She’s glad that this trip takes place in the middle of the night; or at least begins there. She has felt it coming all day. It’s a kind of nervous energy that makes her leg twitch and drives Myka to spend hours practicing her fencing footwork. Back and forth she moves, across the narrow space between the bookstore and the building next to it. She doesn’t even have her foil, no need for it. She is a bundle of energy that cannot be tamed and she’s struggling to keep herself anchored in the here and the now.
She has to move, has to do something. Her body will start to fade and then she’ll be gone if she doesn’t. Her father thought that fencing might tire her out some, slow the process to a simple crawl, but Myka’s moving back and forth in time more and more now. Her father hits her when she disappears at times that are inopportune (like she can control them), and when she reappears, naked and alone and has to sneak back to the house. He hates that she isn’t normal.
The words are on her lips when her mother comes in to turn off the bedroom light at ten o’clock. Myka is putting away The Fellowship of the Ring when she catches her mother staring at her. She’s not fully there, she realizes, and turns sad eyes towards the woman who never stops her father.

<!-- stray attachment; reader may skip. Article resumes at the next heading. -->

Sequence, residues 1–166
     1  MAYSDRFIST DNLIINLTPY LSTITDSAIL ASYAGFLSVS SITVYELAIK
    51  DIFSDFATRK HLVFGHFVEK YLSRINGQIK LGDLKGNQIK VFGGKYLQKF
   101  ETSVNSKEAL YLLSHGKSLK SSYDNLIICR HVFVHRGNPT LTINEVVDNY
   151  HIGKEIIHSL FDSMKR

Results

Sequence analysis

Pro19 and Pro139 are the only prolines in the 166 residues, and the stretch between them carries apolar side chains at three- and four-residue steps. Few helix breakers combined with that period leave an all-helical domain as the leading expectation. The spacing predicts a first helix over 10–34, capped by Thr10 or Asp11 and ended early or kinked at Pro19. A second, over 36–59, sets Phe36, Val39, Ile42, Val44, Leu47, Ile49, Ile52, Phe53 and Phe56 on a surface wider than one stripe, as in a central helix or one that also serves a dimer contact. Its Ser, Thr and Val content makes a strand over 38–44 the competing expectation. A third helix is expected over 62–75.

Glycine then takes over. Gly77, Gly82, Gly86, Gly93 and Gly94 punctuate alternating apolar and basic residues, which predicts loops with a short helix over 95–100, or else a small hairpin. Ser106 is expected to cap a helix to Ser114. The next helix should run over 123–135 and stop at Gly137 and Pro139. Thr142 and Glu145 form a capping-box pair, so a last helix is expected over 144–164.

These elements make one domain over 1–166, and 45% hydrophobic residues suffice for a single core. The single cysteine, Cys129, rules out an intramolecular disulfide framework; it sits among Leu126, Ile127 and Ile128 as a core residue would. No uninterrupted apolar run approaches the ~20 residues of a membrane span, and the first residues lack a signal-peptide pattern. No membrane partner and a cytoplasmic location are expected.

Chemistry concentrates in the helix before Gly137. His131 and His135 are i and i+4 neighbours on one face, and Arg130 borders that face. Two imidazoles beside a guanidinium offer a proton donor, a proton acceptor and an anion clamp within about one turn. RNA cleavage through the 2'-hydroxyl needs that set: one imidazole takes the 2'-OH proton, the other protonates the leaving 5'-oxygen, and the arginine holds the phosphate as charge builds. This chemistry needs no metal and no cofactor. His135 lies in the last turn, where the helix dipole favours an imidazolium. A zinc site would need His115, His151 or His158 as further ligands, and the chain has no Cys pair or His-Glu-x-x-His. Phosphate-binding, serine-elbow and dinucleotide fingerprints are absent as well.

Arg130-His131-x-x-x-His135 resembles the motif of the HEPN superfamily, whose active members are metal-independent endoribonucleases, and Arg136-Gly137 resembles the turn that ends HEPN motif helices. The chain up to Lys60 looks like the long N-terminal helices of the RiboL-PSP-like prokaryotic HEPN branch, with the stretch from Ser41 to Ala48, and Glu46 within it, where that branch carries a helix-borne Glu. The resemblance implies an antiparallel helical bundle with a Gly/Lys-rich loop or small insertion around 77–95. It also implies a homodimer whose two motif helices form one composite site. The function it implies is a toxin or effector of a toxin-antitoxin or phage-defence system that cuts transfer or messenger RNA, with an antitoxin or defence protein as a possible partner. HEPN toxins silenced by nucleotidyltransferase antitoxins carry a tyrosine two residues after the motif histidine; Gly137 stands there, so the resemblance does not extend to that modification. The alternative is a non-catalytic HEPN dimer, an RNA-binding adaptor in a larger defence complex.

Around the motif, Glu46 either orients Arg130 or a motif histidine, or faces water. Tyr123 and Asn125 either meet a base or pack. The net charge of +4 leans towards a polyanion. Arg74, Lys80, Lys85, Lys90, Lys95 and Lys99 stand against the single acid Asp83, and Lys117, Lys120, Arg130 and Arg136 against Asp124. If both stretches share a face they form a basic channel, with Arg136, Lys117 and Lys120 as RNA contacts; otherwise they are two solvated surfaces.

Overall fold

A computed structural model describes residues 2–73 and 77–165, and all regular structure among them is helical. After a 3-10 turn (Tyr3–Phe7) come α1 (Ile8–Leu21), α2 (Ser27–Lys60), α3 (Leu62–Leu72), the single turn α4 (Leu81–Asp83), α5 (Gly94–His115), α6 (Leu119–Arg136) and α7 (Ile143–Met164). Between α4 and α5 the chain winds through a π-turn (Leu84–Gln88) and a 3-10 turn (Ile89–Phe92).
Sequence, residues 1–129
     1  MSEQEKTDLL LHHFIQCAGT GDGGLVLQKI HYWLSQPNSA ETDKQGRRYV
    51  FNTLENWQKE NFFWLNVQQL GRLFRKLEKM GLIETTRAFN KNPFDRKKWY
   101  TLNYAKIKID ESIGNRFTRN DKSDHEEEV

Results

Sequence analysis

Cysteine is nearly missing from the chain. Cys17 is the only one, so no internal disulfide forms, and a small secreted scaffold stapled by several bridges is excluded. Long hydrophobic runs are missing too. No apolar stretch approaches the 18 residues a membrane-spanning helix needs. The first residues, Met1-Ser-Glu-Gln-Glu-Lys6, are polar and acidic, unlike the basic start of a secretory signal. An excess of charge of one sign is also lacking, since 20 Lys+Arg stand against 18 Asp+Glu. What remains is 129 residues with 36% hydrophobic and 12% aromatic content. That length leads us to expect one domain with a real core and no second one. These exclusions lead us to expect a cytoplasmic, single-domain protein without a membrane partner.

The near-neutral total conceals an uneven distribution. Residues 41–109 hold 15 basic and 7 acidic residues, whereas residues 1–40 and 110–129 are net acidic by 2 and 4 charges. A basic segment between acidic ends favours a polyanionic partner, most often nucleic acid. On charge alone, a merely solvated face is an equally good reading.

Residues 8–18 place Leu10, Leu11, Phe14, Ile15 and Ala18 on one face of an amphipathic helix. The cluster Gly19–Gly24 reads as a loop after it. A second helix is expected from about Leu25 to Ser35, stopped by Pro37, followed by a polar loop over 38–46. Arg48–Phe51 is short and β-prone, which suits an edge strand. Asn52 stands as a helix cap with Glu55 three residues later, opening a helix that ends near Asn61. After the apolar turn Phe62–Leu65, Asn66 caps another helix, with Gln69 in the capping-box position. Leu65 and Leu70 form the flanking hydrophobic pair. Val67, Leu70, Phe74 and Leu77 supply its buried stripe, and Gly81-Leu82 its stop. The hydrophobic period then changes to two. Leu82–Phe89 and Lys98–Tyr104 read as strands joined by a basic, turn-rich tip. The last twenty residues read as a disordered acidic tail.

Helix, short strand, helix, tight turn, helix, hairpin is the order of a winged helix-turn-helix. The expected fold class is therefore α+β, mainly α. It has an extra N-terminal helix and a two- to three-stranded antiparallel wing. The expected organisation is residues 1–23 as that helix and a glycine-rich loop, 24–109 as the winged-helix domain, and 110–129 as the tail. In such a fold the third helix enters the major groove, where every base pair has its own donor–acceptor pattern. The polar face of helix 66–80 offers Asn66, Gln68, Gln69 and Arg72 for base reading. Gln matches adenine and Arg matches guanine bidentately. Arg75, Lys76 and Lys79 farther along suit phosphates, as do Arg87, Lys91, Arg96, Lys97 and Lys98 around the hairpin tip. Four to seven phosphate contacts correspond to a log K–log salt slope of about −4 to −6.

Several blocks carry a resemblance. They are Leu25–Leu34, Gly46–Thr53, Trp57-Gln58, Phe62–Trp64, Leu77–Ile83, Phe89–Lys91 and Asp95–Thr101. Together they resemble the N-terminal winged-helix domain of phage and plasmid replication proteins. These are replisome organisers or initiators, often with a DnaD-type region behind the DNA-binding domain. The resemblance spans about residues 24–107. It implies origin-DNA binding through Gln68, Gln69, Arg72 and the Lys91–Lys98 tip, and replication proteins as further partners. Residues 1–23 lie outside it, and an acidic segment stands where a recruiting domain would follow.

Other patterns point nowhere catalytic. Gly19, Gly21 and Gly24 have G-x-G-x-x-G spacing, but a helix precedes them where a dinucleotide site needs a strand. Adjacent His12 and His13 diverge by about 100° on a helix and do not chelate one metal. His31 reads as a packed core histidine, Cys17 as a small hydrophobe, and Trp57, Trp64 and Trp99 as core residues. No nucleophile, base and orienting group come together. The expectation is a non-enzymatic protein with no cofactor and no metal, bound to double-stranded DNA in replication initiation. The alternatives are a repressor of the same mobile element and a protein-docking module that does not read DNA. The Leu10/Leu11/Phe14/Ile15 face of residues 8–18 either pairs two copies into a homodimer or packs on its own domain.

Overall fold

Myka sometimes wonders if her mother loves her. Or if the sickness that Myka has has made her so impossible to love that she’s going to be alone forever.
There’s always the woman in her future. The one with the sad brown eyes and the loving smile. The one who always hugs Myka a little too close and tells her the most amazing stories when she finds herself lost in time. Myka wants her mother to be more like that, instead of simply ignoring Myka in favor of Tracy.
Tracy is the favorite. Always has been, since the day she was born and Myka ended up in the room full of statues.
She doesn’t say anything to her mother about how this one is going to be a bad one. She’s learned to recognize the signs now. She’s nine, she can handle it herself.